WE will never know who among the SNP’s legions of advisers came up with the legend “Summer of Independence” last year. What inspired such a pithy slogan? Was it Bryan Adams’ profound and lyrical etude from the eighties, Summer of 69, about the joy of carefree love in long, sunny days? Perhaps it was something a little darker like Summer of Sam the noirish cinema classic from 1977 about big city paranoia in New York amidst shifting social attitudes and the ruthless predations of a serial killer. Set against these, Summer of Independence never quite stirred the emotions. Is it not reasonable to assume that for a party which is entirely fuelled by the dream of self-determination, every summer ought to be a Summer of Independence and every winter, spring and autumn too? That leaves us with another, less romantic notion; that the SNP simply wanted to convey an impression of its MPs and MSPs working away like busy little bees during that period when the rest of us indolently were all sunning ourselves on the Costa del Sol. I’ve since searched in vain for evidence of anything meaningful to emerge from the SNP’s Summer of Independence. All that it amounted to, it seems, was an assortment of town hall gatherings addressed by sullen politicians to groups of the faithful trying desperately to cling on to the feel-good factor engendered by the independence referendum two years previously. This was a less arduous time for the SNP. A second successive pro-independence majority held sway after the Scottish elections and the Westminster government was embarking on a quest that would result in self-immolation. Since then the Nationalists have allowed themselves to be intimidated by the new honorary colonel of the Territorial Army in Scotland wearing nothing but a single slogan to cover the modesty of her political offering. This is now the Scottish National Party that daren’t mention the word independence.

Instead, just a year after launching its Programme for Government, we’re told this summer will be one of “Relaunching Government”. Thus SNP politicians will retreat into their yurts and pods to ponder anew their policy offering. This promises to be a dolly mixture of all sorts of sweeties and firecrackers. They all come clothed in the featureless lexicon of government such as “new thinking” and “new proposals”. There will be “shake-ups” and they are all, of course, to be “considered”. It is a dismal study in non-commitment; a vanilla re-brand.

Economic growth will be addressed (what, really? Hang on to your hats) and so will the responsibilities of local councils. There may even be fresh policies on air pollution and climate change. Ah yes, climate change: a concept so woolly, inexact and undemanding that entire colonies of butterflies can rest easy within its folds.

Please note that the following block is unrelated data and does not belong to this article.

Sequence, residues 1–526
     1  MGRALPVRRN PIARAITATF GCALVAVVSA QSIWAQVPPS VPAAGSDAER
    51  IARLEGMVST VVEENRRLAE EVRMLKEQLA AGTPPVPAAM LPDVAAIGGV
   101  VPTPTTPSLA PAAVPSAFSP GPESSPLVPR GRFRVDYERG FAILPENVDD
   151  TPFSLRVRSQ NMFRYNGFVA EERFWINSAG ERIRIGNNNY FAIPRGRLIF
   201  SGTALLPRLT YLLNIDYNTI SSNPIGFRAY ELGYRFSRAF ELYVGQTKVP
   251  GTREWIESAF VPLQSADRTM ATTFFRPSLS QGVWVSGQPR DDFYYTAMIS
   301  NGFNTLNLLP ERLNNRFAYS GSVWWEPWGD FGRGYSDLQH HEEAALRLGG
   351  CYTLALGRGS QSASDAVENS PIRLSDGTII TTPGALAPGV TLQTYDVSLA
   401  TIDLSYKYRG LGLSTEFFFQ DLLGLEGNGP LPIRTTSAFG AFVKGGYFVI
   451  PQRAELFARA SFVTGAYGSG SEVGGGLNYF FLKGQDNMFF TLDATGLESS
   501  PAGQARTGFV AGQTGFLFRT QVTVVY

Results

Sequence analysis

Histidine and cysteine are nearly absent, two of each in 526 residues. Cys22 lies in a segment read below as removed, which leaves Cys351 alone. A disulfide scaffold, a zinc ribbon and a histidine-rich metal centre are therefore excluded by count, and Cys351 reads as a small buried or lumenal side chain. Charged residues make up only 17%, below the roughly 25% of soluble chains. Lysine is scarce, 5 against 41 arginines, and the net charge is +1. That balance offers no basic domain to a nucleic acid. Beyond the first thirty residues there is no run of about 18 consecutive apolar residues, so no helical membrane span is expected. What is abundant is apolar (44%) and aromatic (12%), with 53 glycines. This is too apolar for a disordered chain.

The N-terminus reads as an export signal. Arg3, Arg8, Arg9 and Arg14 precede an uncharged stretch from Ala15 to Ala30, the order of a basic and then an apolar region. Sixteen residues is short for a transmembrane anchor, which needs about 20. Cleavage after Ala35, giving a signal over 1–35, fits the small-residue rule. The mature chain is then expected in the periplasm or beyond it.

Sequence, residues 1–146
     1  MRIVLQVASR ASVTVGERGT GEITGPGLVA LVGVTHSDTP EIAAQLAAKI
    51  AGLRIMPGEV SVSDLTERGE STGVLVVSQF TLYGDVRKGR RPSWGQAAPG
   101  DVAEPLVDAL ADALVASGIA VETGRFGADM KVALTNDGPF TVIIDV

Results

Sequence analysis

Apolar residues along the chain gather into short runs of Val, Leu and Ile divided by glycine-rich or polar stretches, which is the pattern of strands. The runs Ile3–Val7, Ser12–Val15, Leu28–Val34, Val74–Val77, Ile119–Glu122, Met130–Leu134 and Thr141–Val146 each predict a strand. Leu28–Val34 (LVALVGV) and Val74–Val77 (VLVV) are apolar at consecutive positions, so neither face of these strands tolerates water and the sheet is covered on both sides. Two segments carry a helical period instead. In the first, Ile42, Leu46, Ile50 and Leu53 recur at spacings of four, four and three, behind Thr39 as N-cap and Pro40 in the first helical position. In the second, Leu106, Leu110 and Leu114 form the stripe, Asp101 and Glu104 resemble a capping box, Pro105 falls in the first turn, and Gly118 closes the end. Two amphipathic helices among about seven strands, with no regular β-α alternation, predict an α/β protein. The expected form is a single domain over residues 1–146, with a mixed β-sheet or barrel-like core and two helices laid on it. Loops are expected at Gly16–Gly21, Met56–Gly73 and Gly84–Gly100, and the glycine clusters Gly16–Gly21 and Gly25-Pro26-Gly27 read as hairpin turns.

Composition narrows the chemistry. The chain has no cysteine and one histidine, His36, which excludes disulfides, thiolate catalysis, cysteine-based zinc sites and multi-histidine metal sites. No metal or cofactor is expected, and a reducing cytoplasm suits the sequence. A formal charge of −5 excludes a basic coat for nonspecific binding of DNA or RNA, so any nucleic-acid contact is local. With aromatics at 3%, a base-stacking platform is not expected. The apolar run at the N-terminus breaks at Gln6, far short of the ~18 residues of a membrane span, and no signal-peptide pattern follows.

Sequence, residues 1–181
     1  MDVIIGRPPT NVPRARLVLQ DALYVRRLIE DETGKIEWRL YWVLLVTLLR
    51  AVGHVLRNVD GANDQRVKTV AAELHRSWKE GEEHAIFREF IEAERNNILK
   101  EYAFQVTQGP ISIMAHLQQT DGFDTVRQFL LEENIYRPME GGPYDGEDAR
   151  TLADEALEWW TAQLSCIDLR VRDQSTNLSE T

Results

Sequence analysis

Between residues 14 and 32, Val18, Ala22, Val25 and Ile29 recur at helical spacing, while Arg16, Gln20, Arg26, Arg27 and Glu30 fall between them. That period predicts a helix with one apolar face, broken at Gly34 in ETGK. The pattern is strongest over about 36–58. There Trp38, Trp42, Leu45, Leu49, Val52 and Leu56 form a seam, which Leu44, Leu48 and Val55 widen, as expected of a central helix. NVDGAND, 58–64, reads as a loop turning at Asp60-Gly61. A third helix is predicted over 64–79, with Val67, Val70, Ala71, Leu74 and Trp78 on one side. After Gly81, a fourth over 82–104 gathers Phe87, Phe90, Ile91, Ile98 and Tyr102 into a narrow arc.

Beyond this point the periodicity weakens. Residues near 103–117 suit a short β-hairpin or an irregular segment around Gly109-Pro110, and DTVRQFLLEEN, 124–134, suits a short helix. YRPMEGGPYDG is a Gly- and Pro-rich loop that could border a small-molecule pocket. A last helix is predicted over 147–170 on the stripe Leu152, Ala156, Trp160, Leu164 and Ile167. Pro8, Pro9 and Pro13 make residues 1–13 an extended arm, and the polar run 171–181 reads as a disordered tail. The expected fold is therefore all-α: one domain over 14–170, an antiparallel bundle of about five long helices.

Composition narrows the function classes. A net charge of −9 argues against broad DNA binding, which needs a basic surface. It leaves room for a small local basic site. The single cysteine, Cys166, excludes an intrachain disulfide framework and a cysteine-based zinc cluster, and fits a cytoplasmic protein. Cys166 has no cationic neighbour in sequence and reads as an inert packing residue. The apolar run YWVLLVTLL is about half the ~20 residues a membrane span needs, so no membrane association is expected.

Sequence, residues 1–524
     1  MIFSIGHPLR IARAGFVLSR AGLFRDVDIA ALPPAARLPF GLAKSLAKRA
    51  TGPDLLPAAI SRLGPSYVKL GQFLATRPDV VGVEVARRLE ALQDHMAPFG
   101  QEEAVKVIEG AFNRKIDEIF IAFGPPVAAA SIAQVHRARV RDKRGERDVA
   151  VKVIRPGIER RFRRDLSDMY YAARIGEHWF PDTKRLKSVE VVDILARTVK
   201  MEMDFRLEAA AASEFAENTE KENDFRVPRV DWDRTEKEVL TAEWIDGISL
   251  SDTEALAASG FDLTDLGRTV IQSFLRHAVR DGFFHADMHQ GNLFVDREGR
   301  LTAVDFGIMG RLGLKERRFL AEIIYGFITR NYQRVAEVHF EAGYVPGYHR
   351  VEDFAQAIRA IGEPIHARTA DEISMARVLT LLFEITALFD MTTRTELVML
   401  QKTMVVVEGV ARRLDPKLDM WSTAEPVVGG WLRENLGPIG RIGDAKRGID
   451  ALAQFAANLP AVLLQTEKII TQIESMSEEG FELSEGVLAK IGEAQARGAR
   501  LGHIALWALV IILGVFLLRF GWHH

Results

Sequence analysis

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Let’s just remind ourselves of the challenges the SNP Government must face and tackle over the course of the next four years. During this time there will be no second independence referendum. An utterly anodyne and featureless General Election campaign allowed Ruth Davidson to become the first political leader in the history of European democracy to gain some success with a campaign that rested entirely on a negative and which contained no real policies. So inert are the new Tory contingent in London that the cleaners at the Palace of Westminster have been applying Brasso to them at the end of the day and giving them a polish.

This means the dream of Scottish self-determination will disappear for the foreseeable future unless a third successive pro-independence majority is secured at the 2021 Holyrood election. That won’t happen on the back of a vapid re-launch consisting of humdrum initiatives which we all assumed were part of the diurnal business of government anyway. A shake-up of local councils? What does that mean? What about doing something truly radical, such as a drastic and long overdue cut in the number of local councils? That would immediately bring an end to Scotland’s Tamany Hall gravy train which pays hundreds of non-descript senior executives six-figure salaries for drawing up bus timetables and keeping the lights on. “Economic growth”? What, are they now going to use some of the tax levers they already possess to do something meaningful instead of always whining about not having the whole set?

There are only three areas in which Scottish voters want to see evidence of progress: health, education and a lack of social housing. Forget all about your summers of independence and your trite government re-launches. In education John Swinney predictably retreated from real change in the governance of Scotland’s schools by retreating from anything approaching meaningful reform. Local councils would still directly manage schools and decide which ones to close. Whatever happened to the SNP’s commitment to Community Empowerment and its vow “to give individuals, families and communities more control of their own destiny”? In England and Wales far more pupils from disadvantaged communities get to university than in Scotland. This will not change in the next four years.

The plan for integrated health care is a shambles. A fund established to make this happen has instead been used by desperate health boards to keep beds open.

It’s taken the cruel deaths of more than 80 poor people in Grenfell Tower to highlight the scandalous erosion of social housing across the UK. In Scotland in the last year almost 35,000 people were homeless with Shelter saying the underlying drivers of homelessness are still left unaddressed.

All across Scotland tens of thousands of households are trapped in a cycle of poverty that “shaking up councils”; “thinking about the economy” and “talking about climate change” will never address. If the SNP must insist on re-launching government then let it solely be about food, homes and a decent education for the poor.